If $\PP$ is a forcing, and $\{\dot x_i\mid i\in I\}$ is a set (or class) or $\PP$-names, we define $\{\dot x_i\mid i\in I\}^\bullet$ to be the $\PP$-name $\{\tup{1_\PP,\dot x_i}\mid i\in I\}$. This extends to ordered pairs, and naturally to sequences.

1 Localized failure

Fix a regular cardinal $\kappa$. Let $\PP_\kappa$ be the following presentation of adding a Cohen subset to $\kappa$. We mimic the construction of Cohen's second model.

A condition in $\PP_\kappa$ is a partial function $p\colon\omega\times 2\times\kappa\to2$, such that $|\dom p|<\kappa$.

We define the following names, for $(n,i,m)\in\omega\times2\times\omega$:

  • $\dot x_{n,i,m}=\{\tup{p,\check\alpha}\mid p(n,i,m,\alpha)=1\}$,
  • $\dot X_{n,i}=\{\dot x_{n,i,m}\mid m\in\omega\}^\bullet$, and
  • $\dot S_n=\{\dot X_{n,i}\mid i<2\}^\bullet$.

Next we define the automorphism group $\cG_\kappa$, to be permutations $\pi$ of $\omega\times2\times\omega$ moving only finitely many points and satisfying that if $\pi(n,i,m)=(n',i',m')$, then $n=n'$; and for all $n$, either $i=i'$ or $i'=1-i$. It will be clearer to understand, once we see how these act on the names defined above:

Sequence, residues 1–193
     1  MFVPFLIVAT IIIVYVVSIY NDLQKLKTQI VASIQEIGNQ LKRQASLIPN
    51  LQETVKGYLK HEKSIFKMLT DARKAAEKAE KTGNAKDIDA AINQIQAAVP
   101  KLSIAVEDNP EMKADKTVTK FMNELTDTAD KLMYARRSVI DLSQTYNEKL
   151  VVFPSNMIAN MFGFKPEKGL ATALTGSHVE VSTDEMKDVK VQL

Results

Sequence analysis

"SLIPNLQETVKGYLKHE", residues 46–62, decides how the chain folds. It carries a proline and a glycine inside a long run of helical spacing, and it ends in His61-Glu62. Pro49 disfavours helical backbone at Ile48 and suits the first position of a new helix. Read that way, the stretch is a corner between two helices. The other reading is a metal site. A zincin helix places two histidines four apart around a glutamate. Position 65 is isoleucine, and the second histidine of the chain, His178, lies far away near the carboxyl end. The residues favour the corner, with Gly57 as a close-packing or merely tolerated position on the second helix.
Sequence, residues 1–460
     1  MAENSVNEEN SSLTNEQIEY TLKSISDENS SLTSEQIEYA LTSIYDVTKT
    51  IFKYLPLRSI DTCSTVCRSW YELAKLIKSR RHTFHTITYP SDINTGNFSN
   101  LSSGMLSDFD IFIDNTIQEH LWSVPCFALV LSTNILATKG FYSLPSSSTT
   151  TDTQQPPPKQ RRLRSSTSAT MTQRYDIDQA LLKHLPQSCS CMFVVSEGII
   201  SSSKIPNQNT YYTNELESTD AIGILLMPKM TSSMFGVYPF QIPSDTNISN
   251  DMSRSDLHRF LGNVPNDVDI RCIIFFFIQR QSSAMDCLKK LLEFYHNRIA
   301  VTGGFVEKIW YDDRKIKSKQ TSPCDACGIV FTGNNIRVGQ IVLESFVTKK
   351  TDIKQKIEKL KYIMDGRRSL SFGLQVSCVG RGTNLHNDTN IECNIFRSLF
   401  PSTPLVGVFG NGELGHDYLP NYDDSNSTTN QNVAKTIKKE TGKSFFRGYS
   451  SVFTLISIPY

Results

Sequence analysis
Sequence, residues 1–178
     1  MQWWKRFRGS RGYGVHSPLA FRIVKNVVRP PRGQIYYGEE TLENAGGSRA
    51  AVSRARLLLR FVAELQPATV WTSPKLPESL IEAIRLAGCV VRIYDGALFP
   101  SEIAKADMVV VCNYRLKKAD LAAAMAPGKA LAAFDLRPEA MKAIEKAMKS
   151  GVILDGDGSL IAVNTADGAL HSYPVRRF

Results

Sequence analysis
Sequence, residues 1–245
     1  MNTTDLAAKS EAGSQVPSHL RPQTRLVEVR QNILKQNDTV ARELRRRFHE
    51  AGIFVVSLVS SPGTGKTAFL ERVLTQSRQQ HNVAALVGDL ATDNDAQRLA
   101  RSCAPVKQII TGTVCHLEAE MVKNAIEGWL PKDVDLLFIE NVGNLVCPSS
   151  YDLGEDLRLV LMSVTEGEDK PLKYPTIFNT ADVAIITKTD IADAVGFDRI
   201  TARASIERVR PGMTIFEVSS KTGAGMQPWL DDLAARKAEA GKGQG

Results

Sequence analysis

• If $p\in\PP_\kappa$, then $\pi p(\pi(n,i,m),\alpha)=p(n,i,m,\alpha)$. This is the standard way this action is defined. It extends to $\PP_\kappa$-names recursively: $\pi\dot x=\{\tup{\pi p,\pi\dot y}\mid\tup{p,\dot y}\in\dot x\}$.

  • $\pi\dot x_{n,i,m}=\dot x_{\pi(n,i,m)}$,

  • $\pi\dot X_{n,i}=\dot X_{n,i'}$ if there are some $m$ and $m'$ such that $\pi(n,i,m)=\pi(n,i',m')$, and
  • $\pi\dot S_n=\dot S_n$.

In other words, for every pair $A_n$, we decide whether or not we switch the elements in that pair, and separately, we may permute the elements of each set in the pair.

Finally, we take $\cF_\kappa$ to be the normal filter of subgroups generated by fixing finitely many points. Namely, if $E\subseteq\omega\times2\times\omega$ is finite, $\fix(E)$ is the group of all automorphisms which fix all the points in $E$ pointwise; and $\cF_\kappa$ is generated by $\fix(E)$ for $E$ finite.

We say that a name is symmetric if $\{\pi\mid \pi\dot x=\dot x\}\in\cF_\kappa$; and hereditarily symmetric if also every name which appears inside $\dot x$ is hereditarily symmetric.

We denote by $\HS$ the class of hereditarily symmetric names. If $G$ is a generic filter, then $\HS^G=\{\dot x^G\mid\dot x\in\HS\}$ is a model of $\ZF$. Let $M$ denote $\HS^G$, and we omit the dots to indicate the interpretations of the names, e.g. $\dot A_n^G$ is $A_n$ and so on.